• Financial Advice

    The Money Advice & Budgeting Services (MABS) provide free financial advice. For more information on MABS the patient could contact them on: 0761 07 2000    

  • Money Advice & Budgeting Services (MABS)
  • Short Videos on Dementia produced by Trinity Brain Health

Impact of Diagnosis

Facing and accepting the diagnosis of dementia can be a lengthy process for both the individual and their family.

The person diagnosed with dementia should be encouraged to:

  • allow themselves to experience their feelings which can vary from fear, bitterness, anger and despair
  • allow themselves to grieve
  • consider meeting others with dementia (see our service directory for local patient support groups)
  • see our patient information leaflets for coping strategies post-diagnosis

Consider the impact of the diagnosis on the family and future potential carers.

Involving Members of Primary Care Team

Consider involving other members of the primary care team in the management of this patient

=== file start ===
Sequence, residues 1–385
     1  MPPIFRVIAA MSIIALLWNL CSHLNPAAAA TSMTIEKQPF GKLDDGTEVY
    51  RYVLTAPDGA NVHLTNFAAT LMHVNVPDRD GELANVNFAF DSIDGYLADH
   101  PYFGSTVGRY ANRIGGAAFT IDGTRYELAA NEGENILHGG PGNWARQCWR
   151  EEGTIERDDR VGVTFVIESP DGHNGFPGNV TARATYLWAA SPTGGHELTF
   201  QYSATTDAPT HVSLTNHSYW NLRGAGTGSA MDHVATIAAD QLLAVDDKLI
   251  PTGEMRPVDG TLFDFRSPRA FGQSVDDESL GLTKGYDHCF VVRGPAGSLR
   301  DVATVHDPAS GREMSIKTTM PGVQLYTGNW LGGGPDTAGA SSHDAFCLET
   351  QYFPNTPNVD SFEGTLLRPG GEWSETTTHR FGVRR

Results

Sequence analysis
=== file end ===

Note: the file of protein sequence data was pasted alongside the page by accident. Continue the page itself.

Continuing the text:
• Public Health Nurse - access to home-help, meals on wheels, day-care centre, access to respite care
  • Physiotherapy - falls risk assessment, mobility assessment, mobility aids
  • Occupational Therapist - assessment of the home, aids and appliances, assistive technologies
  • Speech & Language Therapist – communication advice, swallow assessment
  • Social Worker – rights, entitlements
  • Community Psychologist – counselling, support family carer
  • Community Pharmacist – medication management, dispensing

Assessment of Need

  • Block off a period of time to discuss the diagnosis with the person and, if the person consents, with their family - both will need ongoing support.
  • To make this consultation effective start by exploring the patient and caregivers current needs and then try to match them up with the resources that are available.